Did I tell you about our flat? I love our flat. It’s true that cream carpets get OLD with a baby and a muddy cyclist leaving their mark on the floor. But I ran home to a new husband here, and brought my baby back to this room. This house has seen the best of me, as well as everything else.
So I’m not trying to make it feel bad for being small. Even though it was definitely made for two people, and it’s about to house five. Chin up, little house, we love you anyway. And we’ve just worked MEGA hard to make the very most of this space for as long as we can.
The idea of my doing a home decoration post is the sort of thing that makes me belly laugh – hello, I have enough belly to go around everyone at the moment – so I feel like a bit of a dork, writing this. On the other hand, I’m sure we’re not the only ones trying to fit more into less without choking on the claustrophobia. Here’s what I’ve found helpful over the past couple of weeks. If you’ve hit on anything that worked in your little space, give me some pointers!
big fish, little fish, basket, box
I live with a wires man. Timothy trails wires like a weird AI version of Edward Scissorhands. He’s the chap to ask if you need an audio cable, a tiny screwdriver, seven kinds of battery or a phone that went out of circulation five years ago. Most of this seemed to be living on the bookcases.
(Kidding, husband! I am just affronted when things go on the bookcases that aren’t my books. That space is at a PREMIUM, DO NOT TOUCH IT.)
Timothy threw away everything he didn’t need, then we ravaged the basket section of IKEA. He now has baskets that are categorised with titles such as Audio and Video, Flash Drives and Storage, Misc and Useful Misc. He decided not to use a whole basket just for different types of glue, in the end, but it was a close thing. We ended up with an entirely clear cupboard – that we’ll desperately need for other things – and a serenely uncluttered bookcase, with a row of baskets on top that look rather nice. Now I can stroke Wolf Hall in peace, thank you very much.
Also, thanks to Tim’s parents, we just inherited this beeeeeaaaaautiful family chest belonging to a Jeffcoat of Yore. It now sits in our living room where the coffee table used to go, and you wouldn’t believe how much we’ve put inside it. I’m so excited about having a piece of family history in our house that’s a century old at least that I keep wanting to embrace it. Furniture that’s actually a giant box: now there’s something I can get behind.
clear, and clear, and clear
This one was hard. We let go of knick-knacks, clothes we never wore, shoes that were too battered to be seen in public, and lots of old bits-and-bobs we’d been hanging on to for no reason. I like the philosophy of minimalism-with-prettiness: clear out as much as you can, then add little touches you really love. On top of the little bookcase in the corner – just to the left of the old Tube map I adore – I keep an old, glazed jug, a painting by Tim’s brother, and a Piet-Mondrian-patterned tissue box. They make me happy whenever I look at them.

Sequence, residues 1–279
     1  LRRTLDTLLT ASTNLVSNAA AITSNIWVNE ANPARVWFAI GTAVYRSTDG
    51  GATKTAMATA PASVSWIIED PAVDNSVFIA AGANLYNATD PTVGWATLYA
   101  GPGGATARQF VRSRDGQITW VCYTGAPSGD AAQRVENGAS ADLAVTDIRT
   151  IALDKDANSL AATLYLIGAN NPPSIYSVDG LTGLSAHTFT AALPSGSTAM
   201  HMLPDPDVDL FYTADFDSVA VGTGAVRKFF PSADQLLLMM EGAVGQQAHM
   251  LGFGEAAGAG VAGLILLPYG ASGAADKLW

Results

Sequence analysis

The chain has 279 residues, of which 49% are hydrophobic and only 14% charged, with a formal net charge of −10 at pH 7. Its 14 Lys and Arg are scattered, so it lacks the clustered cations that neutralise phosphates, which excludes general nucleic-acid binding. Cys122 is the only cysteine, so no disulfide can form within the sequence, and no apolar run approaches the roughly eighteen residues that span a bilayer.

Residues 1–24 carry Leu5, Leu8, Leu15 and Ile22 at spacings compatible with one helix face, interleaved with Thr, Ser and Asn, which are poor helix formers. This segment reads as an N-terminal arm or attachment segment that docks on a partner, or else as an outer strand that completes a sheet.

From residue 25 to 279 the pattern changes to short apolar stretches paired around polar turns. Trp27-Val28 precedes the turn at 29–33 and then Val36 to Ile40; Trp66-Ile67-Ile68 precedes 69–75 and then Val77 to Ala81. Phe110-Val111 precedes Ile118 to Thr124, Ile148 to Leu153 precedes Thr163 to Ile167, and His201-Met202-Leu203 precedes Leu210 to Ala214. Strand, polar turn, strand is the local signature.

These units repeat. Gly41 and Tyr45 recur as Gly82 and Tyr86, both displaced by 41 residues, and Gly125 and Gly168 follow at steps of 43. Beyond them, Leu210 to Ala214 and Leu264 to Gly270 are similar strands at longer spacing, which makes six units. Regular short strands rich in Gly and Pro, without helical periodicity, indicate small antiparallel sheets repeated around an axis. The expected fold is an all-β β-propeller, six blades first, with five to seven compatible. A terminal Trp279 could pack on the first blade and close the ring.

ups and downs
Without much obvious floor space, we had to think creatively about what would go where. So we stacked, high and low. We lined cupboard walls with shelves and free corners with tall shelving units, and used yet more baskets to keep little things out of sight. Henry’s toys now live in two large boxes under his bed, which means we have a place to put toys away, instead of just having them out all the time.
We did the same when it came to beds: we were lucky enough to be given a brilliant high-rise contraption (again, a family hand-me-down), and bought a child’s bed to slot underneath it, to replace Henry’s cot. I cannot tell you how much I panicked about this. Henry, free to roam the house at night, ingesting interesting pills and climbing into dangerous places. Imagine the possibilities.
We’ve only had to chase him back inside three times a night, so far. Ahem. No, he’s doing really well. Making up a proper bed with a car-printed duvet for this tiny boy just about broke my heart, but he was so excited. After his naps I fling open the blinds, he stands up to survey the scene out of his window, and lets out a great, satisfied ‘ahhhhhh’.
King of the world. It was worth it just for that.
PS: thanks to generous parents, we’ve been able to reuse a lot of family furniture, which has saved us a heck of a lot of money. Otherwise, though, we’d be all over Ebay like a rash. Go second-hand or go home.
PPS: Sadly, Henricus discovered yesterday that he could climb onto the high-rise, which happens to have a VERY bouncy mattress. For our next project, we’ll be covering everything in bubble wrap.